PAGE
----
Google+ is a fun and flexible social network with lots of creative uses, and it gives you a nice boost towards Google finding your content in search results. If you’re creative and regularly active on the network, your Google+ page will be a powerful workhorse for you.
But what about Google+ Communities? Should you have one?
While your Google+ circles can create a simple version of a “community”, Google+ has created a system specifically intended to serve as a forum or group within the larger social network. It comes some handy controls and features that you can’t mimic with a simple Google+ circle, but…it also comes with an added work load.
What Will A Google+ Community Require?
Before you decide if a Google+ Community is worth it, you should first understand what having a community will involve.
Be responsible for what happens in your community.
You are responsible for what happens in your community.
Unlike a circle, a community comes with an understanding of moderation happening. Some communities put up a disclaimer and let it turn into a bit of a free-for-all, but remember that you’re after quality, not quantity. You want the engagement, the conversations, the content, the participants, the ideas–they need to be of quality. You don’t want to chase after the lowest common denominator just to get quantity.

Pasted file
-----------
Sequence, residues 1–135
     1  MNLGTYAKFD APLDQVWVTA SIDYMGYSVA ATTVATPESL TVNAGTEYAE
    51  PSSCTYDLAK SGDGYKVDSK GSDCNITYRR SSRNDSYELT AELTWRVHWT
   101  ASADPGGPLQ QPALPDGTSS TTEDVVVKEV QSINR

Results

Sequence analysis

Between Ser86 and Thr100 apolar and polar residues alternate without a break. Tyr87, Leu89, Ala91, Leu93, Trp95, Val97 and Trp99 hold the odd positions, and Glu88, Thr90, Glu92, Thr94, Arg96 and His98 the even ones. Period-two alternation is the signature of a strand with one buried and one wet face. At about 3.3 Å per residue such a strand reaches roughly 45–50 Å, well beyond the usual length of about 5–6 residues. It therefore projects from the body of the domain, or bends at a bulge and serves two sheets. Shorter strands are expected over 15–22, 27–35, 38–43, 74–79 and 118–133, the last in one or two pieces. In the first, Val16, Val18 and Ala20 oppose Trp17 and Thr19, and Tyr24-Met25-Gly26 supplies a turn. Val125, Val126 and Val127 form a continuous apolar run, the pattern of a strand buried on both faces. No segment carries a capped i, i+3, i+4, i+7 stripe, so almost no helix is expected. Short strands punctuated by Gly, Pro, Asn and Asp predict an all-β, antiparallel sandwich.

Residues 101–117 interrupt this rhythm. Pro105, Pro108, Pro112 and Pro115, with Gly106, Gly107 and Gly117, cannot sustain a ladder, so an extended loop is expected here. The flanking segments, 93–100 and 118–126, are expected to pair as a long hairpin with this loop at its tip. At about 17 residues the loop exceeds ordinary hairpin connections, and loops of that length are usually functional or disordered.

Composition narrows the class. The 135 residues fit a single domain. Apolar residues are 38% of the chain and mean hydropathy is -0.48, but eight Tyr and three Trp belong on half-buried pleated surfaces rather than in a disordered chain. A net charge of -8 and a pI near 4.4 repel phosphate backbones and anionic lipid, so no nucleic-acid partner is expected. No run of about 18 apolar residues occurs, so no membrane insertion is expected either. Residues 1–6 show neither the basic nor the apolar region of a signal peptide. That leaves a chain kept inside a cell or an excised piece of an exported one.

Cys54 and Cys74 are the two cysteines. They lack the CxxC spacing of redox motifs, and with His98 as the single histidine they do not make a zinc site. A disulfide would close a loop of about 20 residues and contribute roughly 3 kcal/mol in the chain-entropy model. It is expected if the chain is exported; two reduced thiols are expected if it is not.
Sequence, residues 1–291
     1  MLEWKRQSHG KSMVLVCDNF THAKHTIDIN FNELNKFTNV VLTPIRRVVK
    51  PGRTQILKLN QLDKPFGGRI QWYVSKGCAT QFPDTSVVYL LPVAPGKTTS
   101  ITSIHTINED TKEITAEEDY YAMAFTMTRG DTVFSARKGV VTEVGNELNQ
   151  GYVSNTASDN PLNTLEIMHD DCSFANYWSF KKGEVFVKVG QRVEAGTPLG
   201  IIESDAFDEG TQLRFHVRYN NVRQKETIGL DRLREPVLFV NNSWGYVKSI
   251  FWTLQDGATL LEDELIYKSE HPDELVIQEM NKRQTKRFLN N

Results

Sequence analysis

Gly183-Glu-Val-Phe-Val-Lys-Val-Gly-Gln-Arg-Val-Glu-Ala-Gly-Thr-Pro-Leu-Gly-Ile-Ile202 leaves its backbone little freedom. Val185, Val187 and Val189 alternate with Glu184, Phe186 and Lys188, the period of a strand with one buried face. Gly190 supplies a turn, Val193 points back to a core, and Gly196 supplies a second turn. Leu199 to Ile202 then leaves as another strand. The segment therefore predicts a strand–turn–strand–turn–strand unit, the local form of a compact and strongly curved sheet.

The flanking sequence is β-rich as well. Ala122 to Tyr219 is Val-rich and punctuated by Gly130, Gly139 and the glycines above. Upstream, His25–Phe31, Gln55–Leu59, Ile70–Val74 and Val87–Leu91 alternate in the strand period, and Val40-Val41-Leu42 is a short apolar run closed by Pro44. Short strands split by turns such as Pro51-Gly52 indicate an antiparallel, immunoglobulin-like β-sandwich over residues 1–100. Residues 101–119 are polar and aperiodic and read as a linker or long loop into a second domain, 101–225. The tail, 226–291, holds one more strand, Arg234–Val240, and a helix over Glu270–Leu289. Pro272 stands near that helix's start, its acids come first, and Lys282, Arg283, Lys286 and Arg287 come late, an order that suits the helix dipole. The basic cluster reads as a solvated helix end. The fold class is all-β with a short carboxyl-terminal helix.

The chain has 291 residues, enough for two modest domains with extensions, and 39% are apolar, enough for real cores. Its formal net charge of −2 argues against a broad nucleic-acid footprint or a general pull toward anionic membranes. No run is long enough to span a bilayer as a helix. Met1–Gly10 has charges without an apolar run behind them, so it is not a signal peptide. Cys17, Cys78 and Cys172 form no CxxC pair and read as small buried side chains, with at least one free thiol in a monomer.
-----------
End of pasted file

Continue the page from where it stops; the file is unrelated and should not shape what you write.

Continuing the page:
A popular community will always face the never-ending battle with appropriate comments, just like you would on your blog.
I take a pretty dim view of comments that insult or antagonize, though not every community manager would care. It really depends on the community. But, if you do care, you have the ability to remove comments and ban and remove users in a Google+ community. Let them know when they get out of line. Give them a warning and stick to it.
What happens in your community, particularly if you’ve associated it with your brand, reflects on you.
Controlling spam in your community.
Google+ (as of yet) doesn’t let you post or share content in multiple communities. This can be annoying. It’s tempting to be a part of several related communities that you’d like to share your latest blog post in, but so would spammers. They’d love to join every open, public community and mass post at once.
So thank you, Google+.